The world is changing very quickly, moved by continuous digital disruption. Investors would do well to exclude stocks that fall behind the technology curve from their portfolio, according to Will Rhind, CEO of GraniteShares.
GraniteShares has recently launched the XOUT exchange-traded fund (XOUT:NYSE Arca), that executes this strategy.
“It’s our take on really how to tackle technological disruption in the world,” Rhind told Kitco News. “On the one hand, you pick winners, so that’s active management. Everyone picks stocks they think will outperform the market. On the other side, you have people that think that’s a load of nonsense, it’s not possible to do that consistently over time, so we just buy the market.”
Rhind’s focus is on screening out bad companies from an index.
The ten stocks excluded in the XOUT ETF are Walmart, Visa, J.P. Morgan, Verizon, AT&T, Coca-Cola, Bank of America, Exxon, Chevron, and Comcast.
On equities overall, Rhind noted that the markets are disconnected from reality.
“We’ve seen vast amounts of the economy being laid waste by the coronavirus pandemic. Vast sections of industry have been sidelined, that may never return. All this time, we’ve seen stock markets return almost to the highs we saw pre-pandemic, which is pretty incredible,” he said. “A lot of people see the rise in the stock market and are confused by this information.”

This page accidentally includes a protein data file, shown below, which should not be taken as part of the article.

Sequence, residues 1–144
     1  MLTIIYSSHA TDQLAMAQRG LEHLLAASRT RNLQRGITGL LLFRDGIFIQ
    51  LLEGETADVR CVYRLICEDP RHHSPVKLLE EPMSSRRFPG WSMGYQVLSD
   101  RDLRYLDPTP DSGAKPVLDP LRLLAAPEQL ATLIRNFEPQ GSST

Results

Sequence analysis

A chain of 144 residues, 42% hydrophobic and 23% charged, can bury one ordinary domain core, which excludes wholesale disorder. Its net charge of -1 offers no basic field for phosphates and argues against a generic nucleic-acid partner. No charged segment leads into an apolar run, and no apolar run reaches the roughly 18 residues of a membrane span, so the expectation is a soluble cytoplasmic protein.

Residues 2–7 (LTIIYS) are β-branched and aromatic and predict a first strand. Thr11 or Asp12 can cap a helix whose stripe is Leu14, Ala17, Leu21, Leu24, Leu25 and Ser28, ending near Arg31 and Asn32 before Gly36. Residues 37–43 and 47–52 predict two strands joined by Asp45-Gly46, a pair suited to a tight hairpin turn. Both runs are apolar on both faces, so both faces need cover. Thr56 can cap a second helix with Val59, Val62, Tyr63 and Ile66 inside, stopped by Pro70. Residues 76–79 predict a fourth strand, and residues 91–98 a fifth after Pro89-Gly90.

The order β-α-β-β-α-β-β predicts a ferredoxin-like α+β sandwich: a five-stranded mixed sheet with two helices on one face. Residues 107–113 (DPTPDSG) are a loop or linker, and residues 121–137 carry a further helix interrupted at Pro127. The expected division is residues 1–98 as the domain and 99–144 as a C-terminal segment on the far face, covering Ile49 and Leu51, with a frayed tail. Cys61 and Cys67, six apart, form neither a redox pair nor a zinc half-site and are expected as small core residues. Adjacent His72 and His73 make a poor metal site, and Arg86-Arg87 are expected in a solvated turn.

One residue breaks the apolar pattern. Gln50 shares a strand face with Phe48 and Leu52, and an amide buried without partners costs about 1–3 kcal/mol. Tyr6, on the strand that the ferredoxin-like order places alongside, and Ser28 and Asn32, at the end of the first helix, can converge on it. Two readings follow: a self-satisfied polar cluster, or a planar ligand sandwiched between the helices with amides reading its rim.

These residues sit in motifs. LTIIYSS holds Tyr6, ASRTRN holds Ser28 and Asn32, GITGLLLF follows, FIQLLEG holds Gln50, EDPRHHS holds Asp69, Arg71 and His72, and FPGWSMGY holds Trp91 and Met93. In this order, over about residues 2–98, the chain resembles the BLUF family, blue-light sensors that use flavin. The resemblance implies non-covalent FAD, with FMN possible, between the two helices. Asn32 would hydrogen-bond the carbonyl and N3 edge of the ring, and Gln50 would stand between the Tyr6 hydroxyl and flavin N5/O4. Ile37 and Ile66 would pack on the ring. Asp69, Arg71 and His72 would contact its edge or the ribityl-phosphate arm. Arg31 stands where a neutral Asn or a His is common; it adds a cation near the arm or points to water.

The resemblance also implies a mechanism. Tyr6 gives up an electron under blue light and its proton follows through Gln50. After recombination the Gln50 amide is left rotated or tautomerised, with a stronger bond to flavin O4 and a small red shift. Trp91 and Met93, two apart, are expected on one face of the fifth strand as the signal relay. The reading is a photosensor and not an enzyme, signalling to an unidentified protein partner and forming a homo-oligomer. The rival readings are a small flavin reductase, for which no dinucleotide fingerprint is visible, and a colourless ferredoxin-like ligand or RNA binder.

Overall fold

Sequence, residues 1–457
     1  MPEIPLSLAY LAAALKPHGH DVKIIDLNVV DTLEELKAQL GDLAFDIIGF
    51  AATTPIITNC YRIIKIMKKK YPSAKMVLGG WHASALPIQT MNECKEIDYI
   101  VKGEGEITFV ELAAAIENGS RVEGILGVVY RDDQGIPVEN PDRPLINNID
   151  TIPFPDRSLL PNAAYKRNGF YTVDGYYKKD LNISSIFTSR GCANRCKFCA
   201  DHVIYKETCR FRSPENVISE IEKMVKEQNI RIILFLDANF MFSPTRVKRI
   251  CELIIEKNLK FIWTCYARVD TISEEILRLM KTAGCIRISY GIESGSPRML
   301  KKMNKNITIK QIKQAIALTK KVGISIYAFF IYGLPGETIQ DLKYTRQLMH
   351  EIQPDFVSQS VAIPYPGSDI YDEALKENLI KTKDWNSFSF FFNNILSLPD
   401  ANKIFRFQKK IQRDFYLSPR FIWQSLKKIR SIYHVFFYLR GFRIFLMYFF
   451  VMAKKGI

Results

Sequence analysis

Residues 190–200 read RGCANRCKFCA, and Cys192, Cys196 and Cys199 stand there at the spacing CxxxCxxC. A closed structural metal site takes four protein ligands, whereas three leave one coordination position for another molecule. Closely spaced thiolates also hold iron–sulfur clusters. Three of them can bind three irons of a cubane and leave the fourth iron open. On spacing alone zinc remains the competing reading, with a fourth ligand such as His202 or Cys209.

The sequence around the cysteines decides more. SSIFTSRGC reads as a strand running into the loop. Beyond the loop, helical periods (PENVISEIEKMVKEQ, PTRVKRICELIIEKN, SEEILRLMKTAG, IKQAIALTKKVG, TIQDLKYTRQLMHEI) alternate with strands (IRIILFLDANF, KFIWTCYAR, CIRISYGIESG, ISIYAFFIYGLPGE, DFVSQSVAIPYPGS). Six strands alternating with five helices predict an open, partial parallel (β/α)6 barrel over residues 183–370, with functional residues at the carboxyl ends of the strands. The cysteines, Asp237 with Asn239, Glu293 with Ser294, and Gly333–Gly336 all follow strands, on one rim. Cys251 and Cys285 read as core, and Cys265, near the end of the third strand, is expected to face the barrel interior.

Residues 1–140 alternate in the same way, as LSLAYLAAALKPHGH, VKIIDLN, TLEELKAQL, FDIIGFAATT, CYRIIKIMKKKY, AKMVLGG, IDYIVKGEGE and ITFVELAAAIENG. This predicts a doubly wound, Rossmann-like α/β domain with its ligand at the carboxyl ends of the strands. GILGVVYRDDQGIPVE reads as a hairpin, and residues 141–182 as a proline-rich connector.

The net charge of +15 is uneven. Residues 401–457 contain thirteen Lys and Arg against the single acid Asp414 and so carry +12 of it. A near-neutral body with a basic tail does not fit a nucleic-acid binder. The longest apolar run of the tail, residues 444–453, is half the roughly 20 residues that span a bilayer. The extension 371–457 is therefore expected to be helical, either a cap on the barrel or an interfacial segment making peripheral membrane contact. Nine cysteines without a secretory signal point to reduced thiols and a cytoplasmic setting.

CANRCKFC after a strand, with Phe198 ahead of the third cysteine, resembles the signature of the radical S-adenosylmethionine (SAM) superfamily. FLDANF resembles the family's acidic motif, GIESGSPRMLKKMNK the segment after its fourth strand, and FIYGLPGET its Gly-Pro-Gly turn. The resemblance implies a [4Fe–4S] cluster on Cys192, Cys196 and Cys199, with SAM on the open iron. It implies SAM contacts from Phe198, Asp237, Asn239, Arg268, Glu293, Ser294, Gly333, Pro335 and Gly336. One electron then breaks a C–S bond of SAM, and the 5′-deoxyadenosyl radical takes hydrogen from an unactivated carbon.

Rhind noted that the increase in fiscal stimulus, which would boost the gross domestic product, has helped to create this rally in equities.
Additionally, investors are following a “2008 playbook,” Rhind said.
“For equity investors, the trend [back in 2008] was just to buy the market. There was this concept of don’t fight the Fed, the trend is your friend, the government is going to backstop the market and therefore printing money helps drive the stock markets higher and I think there’s a lot of that that’s happening right now, that people are just thinking about that playbook from the last 10 years and just buying the market indiscriminately,” he said.
Gold prices still have a lot of room to climb.
“Let’s look at the 1980 high for gold. On an inflation-adjusted basis, that price would sit somewhere around the two and a half thousand dollars an ounce mark, so clearly we’re quite far away from that today in terms of breaching an inflation-adjusted all-time high,” he said.
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